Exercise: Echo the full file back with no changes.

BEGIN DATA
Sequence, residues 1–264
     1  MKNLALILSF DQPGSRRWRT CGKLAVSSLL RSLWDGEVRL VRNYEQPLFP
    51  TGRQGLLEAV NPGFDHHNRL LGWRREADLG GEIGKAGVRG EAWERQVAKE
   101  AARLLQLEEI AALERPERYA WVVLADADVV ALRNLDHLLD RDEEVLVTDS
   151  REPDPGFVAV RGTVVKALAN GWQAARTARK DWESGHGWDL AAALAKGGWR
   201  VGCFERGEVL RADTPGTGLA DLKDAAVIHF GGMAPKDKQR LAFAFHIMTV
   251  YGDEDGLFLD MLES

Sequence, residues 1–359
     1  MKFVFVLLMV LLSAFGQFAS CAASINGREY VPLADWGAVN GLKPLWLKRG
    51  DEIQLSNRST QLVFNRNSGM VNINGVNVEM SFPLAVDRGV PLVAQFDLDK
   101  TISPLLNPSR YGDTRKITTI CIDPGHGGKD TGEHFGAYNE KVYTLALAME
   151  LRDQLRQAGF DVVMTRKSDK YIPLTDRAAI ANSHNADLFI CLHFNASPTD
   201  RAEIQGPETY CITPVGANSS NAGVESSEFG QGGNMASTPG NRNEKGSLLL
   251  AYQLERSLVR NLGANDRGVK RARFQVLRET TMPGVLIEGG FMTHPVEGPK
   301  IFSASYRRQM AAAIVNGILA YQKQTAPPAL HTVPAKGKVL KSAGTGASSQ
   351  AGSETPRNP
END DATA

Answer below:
Sequence, residues 1–264
     1  MKNLALILSF DQPGSRRWRT CGKLAVSSLL RSLWDGEVRL VRNYEQPLFP
    51  TGRQGLLEAV NPGFDHHNRL LGWRREADLG GEIGKAGVRG EAWERQVAKE
   101  AARLLQLEEI AALERPERYA WVVLADADVV ALRNLDHLLD RDEEVLVTDS
   151  REPDPGFVAV RGTVVKALAN GWQAARTARK DWESGHGWDL AAALAKGGWR
   201  VGCFERGEVL RADTPGTGLA DLKDAAVIHF GGMAPKDKQR LAFAFHIMTV
   251  YGDEDGLFLD MLES

Sequence, residues 1–359
     1  MKFVFVLLMV LLSAFGQFAS CAASINGREY VPLADWGAVN GLKPLWLKRG
    51  DEIQLSNRST QLVFNRNSGM VNINGVNVEM SFPLAVDRGV PLVAQFDLDK
   101  TISPLLNPSR YGDTRKITTI CIDPGHGGKD TGEHFGAYNE KVYTLALAME
   151  LRDQLRQAGF DVVMTRKSDK YIPLTDRAAI ANSHNADLFI CLHFNASPTD
   201  RAEIQGPETY CITPVGANSS NAGVESSEFG QGGNMASTPG NRNEKGSLLL
   251  AYQLERSLVR NLGANDRGVK RARFQVLRET TMPGVLIEGG FMTHPVEGPK
   301  IFSASYRRQM AAAIVNGILA YQKQTAPPAL HTVPAKGKVL KSAGTGASSQ
   351  AGSETPRNP